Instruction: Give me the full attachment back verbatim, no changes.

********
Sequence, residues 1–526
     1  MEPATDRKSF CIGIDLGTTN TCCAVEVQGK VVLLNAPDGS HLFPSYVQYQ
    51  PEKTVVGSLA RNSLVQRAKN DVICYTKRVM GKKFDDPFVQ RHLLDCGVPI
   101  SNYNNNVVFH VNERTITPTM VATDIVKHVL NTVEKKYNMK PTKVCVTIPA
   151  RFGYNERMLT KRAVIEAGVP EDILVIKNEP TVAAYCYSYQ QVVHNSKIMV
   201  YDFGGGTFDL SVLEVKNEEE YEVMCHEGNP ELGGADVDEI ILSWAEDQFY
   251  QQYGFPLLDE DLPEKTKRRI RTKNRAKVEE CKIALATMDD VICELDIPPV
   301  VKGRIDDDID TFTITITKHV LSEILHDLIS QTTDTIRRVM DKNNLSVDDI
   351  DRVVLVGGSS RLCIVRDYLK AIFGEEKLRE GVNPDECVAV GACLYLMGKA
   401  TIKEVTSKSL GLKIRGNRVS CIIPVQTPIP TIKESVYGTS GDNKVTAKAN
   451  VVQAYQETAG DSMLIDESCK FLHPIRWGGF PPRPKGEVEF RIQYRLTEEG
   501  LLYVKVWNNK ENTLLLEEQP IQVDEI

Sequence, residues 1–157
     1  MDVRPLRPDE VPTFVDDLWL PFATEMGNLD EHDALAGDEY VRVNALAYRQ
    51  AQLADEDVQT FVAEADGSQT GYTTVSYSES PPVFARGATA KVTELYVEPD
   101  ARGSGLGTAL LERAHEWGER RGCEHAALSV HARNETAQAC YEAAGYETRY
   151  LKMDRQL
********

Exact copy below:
Sequence, residues 1–526
     1  MEPATDRKSF CIGIDLGTTN TCCAVEVQGK VVLLNAPDGS HLFPSYVQYQ
    51  PEKTVVGSLA RNSLVQRAKN DVICYTKRVM GKKFDDPFVQ RHLLDCGVPI
   101  SNYNNNVVFH VNERTITPTM VATDIVKHVL NTVEKKYNMK PTKVCVTIPA
   151  RFGYNERMLT KRAVIEAGVP EDILVIKNEP TVAAYCYSYQ QVVHNSKIMV
   201  YDFGGGTFDL SVLEVKNEEE YEVMCHEGNP ELGGADVDEI ILSWAEDQFY
   251  QQYGFPLLDE DLPEKTKRRI RTKNRAKVEE CKIALATMDD VICELDIPPV
   301  VKGRIDDDID TFTITITKHV LSEILHDLIS QTTDTIRRVM DKNNLSVDDI
   351  DRVVLVGGSS RLCIVRDYLK AIFGEEKLRE GVNPDECVAV GACLYLMGKA
   401  TIKEVTSKSL GLKIRGNRVS CIIPVQTPIP TIKESVYGTS GDNKVTAKAN
   451  VVQAYQETAG DSMLIDESCK FLHPIRWGGF PPRPKGEVEF RIQYRLTEEG
   501  LLYVKVWNNK ENTLLLEEQP IQVDEI

Sequence, residues 1–157
     1  MDVRPLRPDE VPTFVDDLWL PFATEMGNLD EHDALAGDEY VRVNALAYRQ
    51  AQLADEDVQT FVAEADGSQT GYTTVSYSES PPVFARGATA KVTELYVEPD
   101  ARGSGLGTAL LERAHEWGER RGCEHAALSV HARNETAQAC YEAAGYETRY
   151  LKMDRQL